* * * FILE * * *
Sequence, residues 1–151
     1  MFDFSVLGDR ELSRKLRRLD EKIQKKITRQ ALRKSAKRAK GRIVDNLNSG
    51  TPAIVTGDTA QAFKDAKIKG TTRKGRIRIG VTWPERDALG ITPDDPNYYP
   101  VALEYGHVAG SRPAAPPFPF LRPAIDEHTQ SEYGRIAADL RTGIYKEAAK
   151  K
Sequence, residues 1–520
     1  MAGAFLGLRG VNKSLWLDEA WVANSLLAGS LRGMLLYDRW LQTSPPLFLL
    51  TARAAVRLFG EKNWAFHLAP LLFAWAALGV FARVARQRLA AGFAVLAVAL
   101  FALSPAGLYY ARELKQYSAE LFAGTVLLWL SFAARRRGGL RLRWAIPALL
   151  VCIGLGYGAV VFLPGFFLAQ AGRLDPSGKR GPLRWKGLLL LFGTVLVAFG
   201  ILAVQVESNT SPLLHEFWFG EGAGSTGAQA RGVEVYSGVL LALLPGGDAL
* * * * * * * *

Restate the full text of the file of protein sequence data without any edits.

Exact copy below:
Sequence, residues 1–151
     1  MFDFSVLGDR ELSRKLRRLD EKIQKKITRQ ALRKSAKRAK GRIVDNLNSG
    51  TPAIVTGDTA QAFKDAKIKG TTRKGRIRIG VTWPERDALG ITPDDPNYYP
   101  VALEYGHVAG SRPAAPPFPF LRPAIDEHTQ SEYGRIAADL RTGIYKEAAK
   151  K
Sequence, residues 1–520
     1  MAGAFLGLRG VNKSLWLDEA WVANSLLAGS LRGMLLYDRW LQTSPPLFLL
    51  TARAAVRLFG EKNWAFHLAP LLFAWAALGV FARVARQRLA AGFAVLAVAL
   101  FALSPAGLYY ARELKQYSAE LFAGTVLLWL SFAARRRGGL RLRWAIPALL
   151  VCIGLGYGAV VFLPGFFLAQ AGRLDPSGKR GPLRWKGLLL LFGTVLVAFG
   201  ILAVQVESNT SPLLHEFWFG EGAGSTGAQA RGVEVYSGVL LALLPGGDAL